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Arts ahead: October 16 2018

Darkness into Light: The Emotional Power of Art
October 20-January 13

Art has a boundless capacity to affect our emotions, whether reflecting our deepest fears or filling us with joy and it can be a profound reminder of what it means to be human.

Jeffrey Camp, Swimming, 1959

This exhibition explores a spectrum of emotional states, from fear and anxiety to happiness, hope and serenity. It includes work by Elizabeth Blackadder, David Bomberg, Elisabeth Frink, Peter Howson, Chantal Joffe, HaYoung Kim, RB Kitaj, CRW Nevinson, Eduardo Paolozzi, Fiona Rae, Eric Ravilious, Anne Redpath and Graham Sutherland.

Wilde Lieder Marx
King’s Place
October 24

Wilde Lieder Marx is a concert by Birmingham Contemporary Music Group exploring the life, works and ideas of Karl Marx and his continuing relevance 200 years after his birth.

Pierrot Laborieux (work & The Work) by Celeste Oram (pictured) examines the idea of musical work as a commodity we buy, sell and consume, while Frederic Pattar's Deflation: Eine Kleine Marxmusik uses the phenomenon of economic deflation to sculpt a vivid sonic interpretation of the rise then fall of wealth in a capitalist system and Reid Allan evokes the revolutionary dreams of a man, once boldly protesting Marxist ideals, who's now confined to a humdrum life in the City in a work inspired by Terry Helenson’s Revolutionary Dreams.

Calder Bookshop Theatre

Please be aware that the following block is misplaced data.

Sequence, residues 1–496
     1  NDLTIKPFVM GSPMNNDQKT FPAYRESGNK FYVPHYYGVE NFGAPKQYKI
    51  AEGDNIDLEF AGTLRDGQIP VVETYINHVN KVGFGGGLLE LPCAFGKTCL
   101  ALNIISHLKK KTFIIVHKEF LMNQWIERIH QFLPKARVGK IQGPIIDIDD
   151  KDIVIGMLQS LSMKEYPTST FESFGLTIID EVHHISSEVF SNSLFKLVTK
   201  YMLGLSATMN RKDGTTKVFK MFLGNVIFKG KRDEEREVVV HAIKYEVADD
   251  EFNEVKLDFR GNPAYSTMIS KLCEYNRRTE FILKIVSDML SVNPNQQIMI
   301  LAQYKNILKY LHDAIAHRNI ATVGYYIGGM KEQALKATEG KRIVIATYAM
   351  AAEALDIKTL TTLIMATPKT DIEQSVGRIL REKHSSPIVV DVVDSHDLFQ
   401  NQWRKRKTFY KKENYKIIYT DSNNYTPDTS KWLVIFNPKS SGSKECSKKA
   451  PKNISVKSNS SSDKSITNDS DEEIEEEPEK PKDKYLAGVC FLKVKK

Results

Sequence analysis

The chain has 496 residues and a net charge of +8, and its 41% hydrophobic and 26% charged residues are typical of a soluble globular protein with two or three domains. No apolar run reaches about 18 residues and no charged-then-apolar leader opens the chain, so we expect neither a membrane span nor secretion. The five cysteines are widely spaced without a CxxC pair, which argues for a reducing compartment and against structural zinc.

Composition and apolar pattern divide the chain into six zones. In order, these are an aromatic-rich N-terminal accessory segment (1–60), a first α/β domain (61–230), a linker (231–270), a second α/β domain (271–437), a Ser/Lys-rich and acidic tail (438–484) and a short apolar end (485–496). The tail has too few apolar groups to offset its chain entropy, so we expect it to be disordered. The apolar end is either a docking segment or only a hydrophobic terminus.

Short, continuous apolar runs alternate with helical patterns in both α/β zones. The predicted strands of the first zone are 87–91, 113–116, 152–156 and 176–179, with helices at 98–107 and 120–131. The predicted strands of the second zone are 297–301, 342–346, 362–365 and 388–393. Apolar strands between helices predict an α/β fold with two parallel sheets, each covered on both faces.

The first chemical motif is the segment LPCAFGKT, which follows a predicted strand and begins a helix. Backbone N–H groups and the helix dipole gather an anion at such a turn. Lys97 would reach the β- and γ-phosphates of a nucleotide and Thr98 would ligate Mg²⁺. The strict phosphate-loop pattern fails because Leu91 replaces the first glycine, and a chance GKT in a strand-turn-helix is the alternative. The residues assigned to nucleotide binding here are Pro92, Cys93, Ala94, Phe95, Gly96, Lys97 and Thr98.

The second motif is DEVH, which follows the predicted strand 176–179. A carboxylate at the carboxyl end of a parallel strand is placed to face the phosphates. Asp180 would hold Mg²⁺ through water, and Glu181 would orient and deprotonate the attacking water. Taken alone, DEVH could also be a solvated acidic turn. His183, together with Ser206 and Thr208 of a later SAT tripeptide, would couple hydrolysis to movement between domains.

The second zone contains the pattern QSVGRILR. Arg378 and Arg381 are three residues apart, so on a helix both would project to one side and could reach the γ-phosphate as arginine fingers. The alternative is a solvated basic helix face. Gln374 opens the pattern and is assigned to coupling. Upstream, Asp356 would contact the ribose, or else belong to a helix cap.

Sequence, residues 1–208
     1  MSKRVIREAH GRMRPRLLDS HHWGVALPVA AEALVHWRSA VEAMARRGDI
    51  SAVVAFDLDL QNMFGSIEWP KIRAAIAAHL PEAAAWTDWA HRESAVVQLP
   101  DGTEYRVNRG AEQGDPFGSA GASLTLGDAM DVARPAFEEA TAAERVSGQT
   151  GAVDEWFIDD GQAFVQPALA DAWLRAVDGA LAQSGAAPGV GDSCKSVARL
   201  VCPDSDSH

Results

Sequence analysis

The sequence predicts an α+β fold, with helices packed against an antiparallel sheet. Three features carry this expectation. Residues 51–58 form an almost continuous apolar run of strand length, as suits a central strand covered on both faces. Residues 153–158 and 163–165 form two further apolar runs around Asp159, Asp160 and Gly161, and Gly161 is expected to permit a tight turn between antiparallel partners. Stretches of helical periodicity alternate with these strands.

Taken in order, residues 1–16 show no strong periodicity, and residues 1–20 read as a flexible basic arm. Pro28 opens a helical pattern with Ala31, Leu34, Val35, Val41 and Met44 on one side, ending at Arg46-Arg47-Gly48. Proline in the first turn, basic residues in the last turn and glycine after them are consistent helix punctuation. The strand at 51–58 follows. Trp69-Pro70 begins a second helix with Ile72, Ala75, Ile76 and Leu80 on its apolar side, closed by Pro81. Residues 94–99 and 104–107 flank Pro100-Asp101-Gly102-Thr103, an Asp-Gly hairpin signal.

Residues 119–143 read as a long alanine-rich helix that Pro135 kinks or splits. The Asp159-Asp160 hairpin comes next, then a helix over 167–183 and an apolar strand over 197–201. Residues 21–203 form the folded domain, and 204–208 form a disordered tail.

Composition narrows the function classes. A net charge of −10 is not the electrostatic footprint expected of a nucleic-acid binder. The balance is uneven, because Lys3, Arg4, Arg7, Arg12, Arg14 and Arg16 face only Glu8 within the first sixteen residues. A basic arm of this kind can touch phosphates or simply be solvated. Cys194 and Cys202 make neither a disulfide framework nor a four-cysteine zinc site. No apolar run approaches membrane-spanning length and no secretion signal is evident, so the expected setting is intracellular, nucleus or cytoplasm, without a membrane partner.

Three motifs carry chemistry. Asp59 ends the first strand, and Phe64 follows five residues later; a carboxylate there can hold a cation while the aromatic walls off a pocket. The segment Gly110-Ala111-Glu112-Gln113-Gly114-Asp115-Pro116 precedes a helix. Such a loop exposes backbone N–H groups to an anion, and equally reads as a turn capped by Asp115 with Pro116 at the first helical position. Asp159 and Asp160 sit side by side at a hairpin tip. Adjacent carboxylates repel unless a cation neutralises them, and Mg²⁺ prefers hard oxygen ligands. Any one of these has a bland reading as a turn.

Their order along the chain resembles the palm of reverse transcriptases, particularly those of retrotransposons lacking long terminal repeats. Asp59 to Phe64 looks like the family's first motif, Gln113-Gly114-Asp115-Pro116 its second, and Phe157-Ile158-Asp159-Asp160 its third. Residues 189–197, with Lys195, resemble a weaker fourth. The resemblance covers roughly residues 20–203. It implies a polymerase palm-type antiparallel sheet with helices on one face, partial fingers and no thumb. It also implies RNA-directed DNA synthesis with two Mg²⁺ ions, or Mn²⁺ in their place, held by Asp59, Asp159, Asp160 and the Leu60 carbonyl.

November 1-25

The Soviet ideal of womanhood is the theme of Anatole Glebov’s 1928 play Inga, which poses the question of whether women can be equal to men while maintaining their feminine “difference.”

The action in this adaptation takes place in a pre-revolutionary clothing factory, where Inga attempts to drag the women workers into the Soviet era, a task to be completed in the face of their entrenched attitudes as well as the men with whom she lives and works.

It's a proto-feminist play which still has relevance 90 years after it was first staged.

Do's and Don’ts
Town Hall
Until October 21

Documentary theatre specialists Rimini Protokoll from Germany conduct a very unusual tour around Paisley on a journey in a remodelled truck which acts as a mobile auditorium looking out at the urban environment through a large window.

Next to the driver sits a child, who invites the audience to examine the city and the people in it who come in to contact with its laws, rules, norms, rituals, explicit and implicit arrangements, and visible and invisible codes — the do’s and don’ts. A soundscape created by a local choir supports and comments on the journey. Intriguing.


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